If you’ve never seen a Lithuanian horror movie before, there’s a very good reason for that–they aren’t really a thing. Unlike many other places, Lithuania doesn’t have a history of horror in movies. There isn’t even much in terms of written fiction. Director/co-writer Jonas Trukanas hopes to be part of the turning tide on that with his first feature We Might Hurt Each Other (a.k.a. Pensive, a.k.a. Rupintojelis). We Might Hurt Each Other is Lithuania’s first slasher movie, and it largely sticks to the formula we know–with some welcome twists.

The film follows teenage wallflower Marius as he and his classmates hope to find a place to celebrate their high school graduation. Although most of the kids in this tight knit group have already begun to plan their futures, including Rimas who will likely be drafted by the NBA, Marius doesn’t really know what he will do next. While Rimas does appear to be one of his close friends, we quickly see that Marius is jealous not only the attention Rimas gets at school, but also the attention Rimas gets from Marius’ own parents. Oh, also, Rimas has a hot girlfriend that Marius would like to get close to. When the original party location falls through, Marius comes to the rescue with a property he overhears his realtor mother talking about–a secluded cabin in the woods that no one is interested in buying as it is the site of a tragic fire that killed an entire family save for one survivor. You see where this is going..that one remaining family member can’t be in a mentally healthy place.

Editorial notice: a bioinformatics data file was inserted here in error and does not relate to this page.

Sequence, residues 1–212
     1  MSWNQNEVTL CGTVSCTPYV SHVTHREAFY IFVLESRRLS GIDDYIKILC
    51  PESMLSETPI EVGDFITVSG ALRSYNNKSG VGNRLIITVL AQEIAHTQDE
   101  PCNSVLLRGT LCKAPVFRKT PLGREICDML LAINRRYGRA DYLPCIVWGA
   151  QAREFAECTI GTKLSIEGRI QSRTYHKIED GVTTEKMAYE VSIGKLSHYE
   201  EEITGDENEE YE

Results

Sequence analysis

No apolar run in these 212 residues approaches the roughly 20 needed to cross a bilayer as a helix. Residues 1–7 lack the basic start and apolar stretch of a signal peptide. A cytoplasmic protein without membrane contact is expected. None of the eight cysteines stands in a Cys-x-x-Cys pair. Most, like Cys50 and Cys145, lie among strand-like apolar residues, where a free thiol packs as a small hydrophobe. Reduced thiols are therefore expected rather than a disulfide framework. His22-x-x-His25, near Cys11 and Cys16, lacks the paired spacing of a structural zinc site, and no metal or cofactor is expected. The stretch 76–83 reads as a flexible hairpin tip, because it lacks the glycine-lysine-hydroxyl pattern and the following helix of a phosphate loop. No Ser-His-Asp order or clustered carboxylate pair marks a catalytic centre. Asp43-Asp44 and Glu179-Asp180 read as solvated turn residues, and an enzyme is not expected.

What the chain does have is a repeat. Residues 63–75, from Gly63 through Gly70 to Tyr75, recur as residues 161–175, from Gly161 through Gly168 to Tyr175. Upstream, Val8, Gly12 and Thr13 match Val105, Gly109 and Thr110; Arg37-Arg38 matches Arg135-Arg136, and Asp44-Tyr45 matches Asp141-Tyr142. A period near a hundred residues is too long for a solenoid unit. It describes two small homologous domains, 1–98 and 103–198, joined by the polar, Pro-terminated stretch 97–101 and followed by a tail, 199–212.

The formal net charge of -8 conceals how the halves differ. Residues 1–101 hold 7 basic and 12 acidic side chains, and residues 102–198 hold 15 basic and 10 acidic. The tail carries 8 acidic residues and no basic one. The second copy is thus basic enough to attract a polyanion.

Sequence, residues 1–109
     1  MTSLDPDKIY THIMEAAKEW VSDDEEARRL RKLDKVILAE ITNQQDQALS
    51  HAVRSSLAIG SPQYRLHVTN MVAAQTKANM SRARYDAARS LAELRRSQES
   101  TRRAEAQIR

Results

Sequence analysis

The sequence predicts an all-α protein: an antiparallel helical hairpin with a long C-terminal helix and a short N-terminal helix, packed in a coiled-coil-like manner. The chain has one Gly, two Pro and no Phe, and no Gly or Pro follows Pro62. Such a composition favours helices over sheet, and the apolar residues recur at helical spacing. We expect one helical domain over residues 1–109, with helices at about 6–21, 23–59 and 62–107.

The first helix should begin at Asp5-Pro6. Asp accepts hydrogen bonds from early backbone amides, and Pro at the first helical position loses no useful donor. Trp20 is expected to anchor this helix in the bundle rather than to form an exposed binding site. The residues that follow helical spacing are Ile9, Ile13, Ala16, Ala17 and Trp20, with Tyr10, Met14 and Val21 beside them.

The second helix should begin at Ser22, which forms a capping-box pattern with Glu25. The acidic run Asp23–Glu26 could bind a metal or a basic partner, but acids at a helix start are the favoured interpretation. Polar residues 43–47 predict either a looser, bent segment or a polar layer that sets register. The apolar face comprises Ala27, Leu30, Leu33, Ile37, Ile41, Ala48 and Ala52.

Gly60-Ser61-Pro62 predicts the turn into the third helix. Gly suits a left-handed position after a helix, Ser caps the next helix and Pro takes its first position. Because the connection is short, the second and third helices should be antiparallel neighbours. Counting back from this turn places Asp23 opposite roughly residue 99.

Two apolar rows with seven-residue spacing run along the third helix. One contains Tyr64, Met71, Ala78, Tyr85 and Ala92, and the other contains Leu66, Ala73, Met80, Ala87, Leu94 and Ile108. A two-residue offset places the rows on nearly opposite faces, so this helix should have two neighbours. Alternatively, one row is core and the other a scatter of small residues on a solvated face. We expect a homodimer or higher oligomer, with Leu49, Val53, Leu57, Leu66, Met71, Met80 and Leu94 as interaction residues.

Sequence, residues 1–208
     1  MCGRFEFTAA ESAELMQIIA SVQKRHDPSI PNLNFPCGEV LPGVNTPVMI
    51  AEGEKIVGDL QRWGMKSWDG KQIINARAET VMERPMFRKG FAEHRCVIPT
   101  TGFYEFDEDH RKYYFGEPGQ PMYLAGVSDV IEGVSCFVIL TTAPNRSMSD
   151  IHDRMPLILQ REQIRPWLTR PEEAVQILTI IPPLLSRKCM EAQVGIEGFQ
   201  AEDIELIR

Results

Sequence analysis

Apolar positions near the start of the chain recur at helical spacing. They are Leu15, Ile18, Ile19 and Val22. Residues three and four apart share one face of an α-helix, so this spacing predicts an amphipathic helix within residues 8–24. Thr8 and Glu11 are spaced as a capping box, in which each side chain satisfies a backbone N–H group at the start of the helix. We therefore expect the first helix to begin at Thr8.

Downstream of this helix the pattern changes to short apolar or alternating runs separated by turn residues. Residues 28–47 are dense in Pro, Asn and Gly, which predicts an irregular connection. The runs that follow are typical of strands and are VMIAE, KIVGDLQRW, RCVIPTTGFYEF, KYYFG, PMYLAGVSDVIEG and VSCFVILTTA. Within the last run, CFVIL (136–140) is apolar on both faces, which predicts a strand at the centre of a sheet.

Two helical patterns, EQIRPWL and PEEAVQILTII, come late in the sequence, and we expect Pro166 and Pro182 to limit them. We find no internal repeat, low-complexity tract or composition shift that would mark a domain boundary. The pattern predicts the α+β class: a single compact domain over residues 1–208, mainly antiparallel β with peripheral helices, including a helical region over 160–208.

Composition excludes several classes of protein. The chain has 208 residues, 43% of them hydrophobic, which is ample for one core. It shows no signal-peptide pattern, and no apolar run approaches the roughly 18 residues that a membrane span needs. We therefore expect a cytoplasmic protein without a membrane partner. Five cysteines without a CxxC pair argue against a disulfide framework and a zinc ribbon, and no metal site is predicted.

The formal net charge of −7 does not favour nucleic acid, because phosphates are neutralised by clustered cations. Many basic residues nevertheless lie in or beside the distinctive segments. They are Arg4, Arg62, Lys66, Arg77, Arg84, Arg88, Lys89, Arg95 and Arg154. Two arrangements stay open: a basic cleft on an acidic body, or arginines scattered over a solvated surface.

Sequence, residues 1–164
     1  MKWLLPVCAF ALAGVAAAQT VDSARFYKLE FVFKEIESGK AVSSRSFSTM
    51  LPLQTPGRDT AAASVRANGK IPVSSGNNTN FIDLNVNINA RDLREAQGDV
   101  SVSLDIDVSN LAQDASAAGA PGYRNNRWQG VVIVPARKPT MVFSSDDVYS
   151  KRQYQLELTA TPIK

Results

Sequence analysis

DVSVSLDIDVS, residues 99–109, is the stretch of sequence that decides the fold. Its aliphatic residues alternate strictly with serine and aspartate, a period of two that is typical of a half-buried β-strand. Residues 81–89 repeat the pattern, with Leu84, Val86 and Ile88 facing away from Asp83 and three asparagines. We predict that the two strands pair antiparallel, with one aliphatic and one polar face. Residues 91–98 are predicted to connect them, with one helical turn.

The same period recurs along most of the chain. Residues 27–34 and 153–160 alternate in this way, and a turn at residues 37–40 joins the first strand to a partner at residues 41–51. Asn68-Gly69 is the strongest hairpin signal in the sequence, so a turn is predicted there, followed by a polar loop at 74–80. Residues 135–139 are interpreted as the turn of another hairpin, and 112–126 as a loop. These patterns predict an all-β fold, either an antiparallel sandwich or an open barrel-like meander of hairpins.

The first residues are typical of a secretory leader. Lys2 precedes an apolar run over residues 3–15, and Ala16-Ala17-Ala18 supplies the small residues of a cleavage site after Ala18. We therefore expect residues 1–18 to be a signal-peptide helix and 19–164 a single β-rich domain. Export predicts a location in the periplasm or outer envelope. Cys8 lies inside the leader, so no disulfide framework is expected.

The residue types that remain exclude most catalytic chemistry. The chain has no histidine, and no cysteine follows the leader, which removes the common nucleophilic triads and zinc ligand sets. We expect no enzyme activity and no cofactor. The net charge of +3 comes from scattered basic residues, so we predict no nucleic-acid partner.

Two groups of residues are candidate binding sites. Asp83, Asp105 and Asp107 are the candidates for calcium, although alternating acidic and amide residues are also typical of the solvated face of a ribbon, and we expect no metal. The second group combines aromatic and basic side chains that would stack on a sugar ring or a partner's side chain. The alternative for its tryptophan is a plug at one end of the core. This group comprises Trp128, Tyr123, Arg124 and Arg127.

“None of the kills are particularly creative, and many are off screen. But the ones we do get to see are effective.”

Algis Motiejūnas helplessly watched his wife and children die in that house fire and was reluctantly thrust into the media spotlight. He then retreated as a hermit creating creepy folk art sculptures of his family. These sculptures are in the style of the “Pensive Christ” where Jesus is depicted, shortly before crucifixion, contemplating his future with one or both hands at his face. While the film does not have overt religious themes, the inclusion of this detail not only alludes to the teens on the precipice of their own futures, but also embraces a Lithuanian tradition where it is not uncommon to find statues of this sort throughout the countryside. Naturally, the teenagers can’t keep themselves from fucking up these statues in a myriad of ways and end up on a kill-list with their manner of death reflects the manner in which they defaced the art. Unknowingly creating their own life size wooden voodoo dolls, the teens behead, burn, chop and skewer the icons.

As far as slashers go, much of what is here is pretty standard. Even the killer himself is very Jason-like and resides in a very Friday the 13th setting. None of the kills are particularly creative, and many are off screen. But the ones we do get to see are effective. Where the film really strays from the formula is in the character arc. Instead of a pure and heroic “final girl”, we are given Marius. A teen boy who is, frankly, difficult to like. His motivations are almost entirely in his own self interest throughout the film culminating in the ultimate teenage behavior of being pretty much fine with other people dying as long as he might get a chance to impress the girl. It’s a bold move to put an unlikable character at the helm of your film, but it works here not only because it breaks the mold we’re used to, but also because it is, unfortunately, fairly believable. By the end I began to think that the Fragile Male Ego was the real killer all along.

“By the end I began to think that the Fragile Male Ego was the real killer all along.”

While I wish we could have wallowed more in the blood and guts of a fairly high kill count, the end result is perfectly enjoyable. A teenage rave in the wilderness surrounded by creepy folk art is a great set up and the cast turns in great work. The narrative does just enough to subvert stereotypes and stand out from the pack as far as slashers are concerned–even if the killer himself leaves a bit to be desired. This is a solid start for Lithuanian slashers (and for Trukanas as a director), and I am excited to see more of both!

We Might Hurt Each Other screened at Chattanooga Film Festival and has been acquired by Screambox